This book is a very helpful and heart-warming addition to the positive psychology literature. It’s attractively readable, enjoyable, informative and a worthy legacy from an author who seemed to advocate pursuing the good life with honesty and authenticity that doesn’t necessitate being a Pollyanna or, in his words, appearing to others to be ‘walking on sunshine’. What a relief, eh?

I    Oxford University Press; 2013; Hb £15.99
Reviewed by Marie Stewart who is an NHS Principal Clinical Psychologist in Lancashire

 

Lessons from over there that can be applied over here
Preventative Stress Management in Organizations (2nd edn)
James Campbell Quick, Thomas A. Wright, Joyce A. Adkins, Debra L. Nelson & Jonathan D. Quick

Preventative Stress Management in Organizations is an excellent text that provides theoretical and practical advice for organisational stress.
In this text, the authors argue that there is a strong relationship between individual stress and organisational stress, and that effects in one area can be significantly felt in the other.
A three-tier individual/organisational model has been constructed for conceptualising and managing stress (both distress and eustress) in the work environment. The first tier is directed towards primary prevention of stressors; the second tier focuses on secondary prevention or individual and organisational responses to stress; and the final tier covers symptom directed responses, for contexts where stress is perhaps unavoidable.
The book is sensibly arranged, as the first half of the text takes you through research findings on stress and presents the underpinning theoretical model. The second half of the book addresses practical strategies for assessing stress, management techniques and advice about the importance of protecting and developing social relationships.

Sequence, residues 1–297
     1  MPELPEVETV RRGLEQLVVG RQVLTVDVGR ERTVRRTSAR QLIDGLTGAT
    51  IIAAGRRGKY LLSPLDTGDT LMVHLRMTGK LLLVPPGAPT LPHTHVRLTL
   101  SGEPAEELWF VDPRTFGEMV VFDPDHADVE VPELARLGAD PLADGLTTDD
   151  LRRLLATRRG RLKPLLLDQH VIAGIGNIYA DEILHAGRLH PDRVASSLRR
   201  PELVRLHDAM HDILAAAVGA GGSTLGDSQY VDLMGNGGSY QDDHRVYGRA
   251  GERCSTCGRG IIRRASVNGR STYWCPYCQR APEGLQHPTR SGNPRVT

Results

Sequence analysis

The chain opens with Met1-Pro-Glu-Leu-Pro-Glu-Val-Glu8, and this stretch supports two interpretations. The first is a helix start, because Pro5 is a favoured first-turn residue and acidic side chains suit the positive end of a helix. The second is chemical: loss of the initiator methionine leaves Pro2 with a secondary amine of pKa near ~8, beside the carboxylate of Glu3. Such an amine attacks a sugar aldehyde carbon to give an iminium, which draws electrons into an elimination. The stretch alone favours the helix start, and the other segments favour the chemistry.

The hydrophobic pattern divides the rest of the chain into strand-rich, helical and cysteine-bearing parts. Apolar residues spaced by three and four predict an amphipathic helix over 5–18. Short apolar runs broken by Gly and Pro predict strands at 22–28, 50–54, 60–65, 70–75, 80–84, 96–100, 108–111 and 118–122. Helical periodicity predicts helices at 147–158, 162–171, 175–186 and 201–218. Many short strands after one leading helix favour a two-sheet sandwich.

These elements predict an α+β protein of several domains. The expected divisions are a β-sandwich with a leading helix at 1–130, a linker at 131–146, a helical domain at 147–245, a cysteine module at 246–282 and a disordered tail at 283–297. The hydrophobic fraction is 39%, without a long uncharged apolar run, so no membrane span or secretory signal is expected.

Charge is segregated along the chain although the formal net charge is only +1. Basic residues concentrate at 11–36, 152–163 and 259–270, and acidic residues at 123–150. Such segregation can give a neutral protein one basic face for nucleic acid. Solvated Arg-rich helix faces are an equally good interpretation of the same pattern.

There are some nice case studies in the book. However, they are a little short and infrequently presented throughout the book. I would have liked some more case studies to help with seeing how the model has been applied in practice. Whilst the book aims at American business organisations, most of the ideas can be applied to the British context and public sector environments where staff stress and burnout are common concerns. With this in mind, the book can make a very informative practical text.

I    American Psychological Association; 2013; Hb US$69.95
Reviewed by Dr Mark Wylie who is a Clinical Psychologist with Cambian Healthcare

 

Insight and humour
The Locked Ward: Memoirs of a Psychiatric Orderly
Dennis O’Donnell

In this thought-provoking book O’Donnell recounts his experiences from seven years of working full-time in one of Britain’s most severe inpatient wards. Insight from the minds of the inpatients are paramount, dabbling in common questions to the sane mind and the insane mind alike.  The inpatients debate the problems that religion causes in contemporary society, and its impact on the paranoid schizophrenic mind, whilst assessing exactly what counts as true sin? Is demonic possession possible? And what evil forces are there at work?  The patients debate the truth about Atlantis the Lost City, and conceptualise exactly what is the human soul?
O’Donnell’s journey touches upon therapeutic models, new and old treatments, and topics of controversy such as the forcible use of electro-convulsive therapy prescribed to a patient detained under a Section 3. O’Donnell marvels at the true strength of the human spirit though the patients who, despite suffering incapacitating episodes of chronic mental illness, show remarkable determination to move towards an incremental improvement.  These individuals pick themselves up, and, despite hopes being dashed and constant readmissions, turn around and face it all over again.  What is not to admire? O’Donnell urges us to wonder.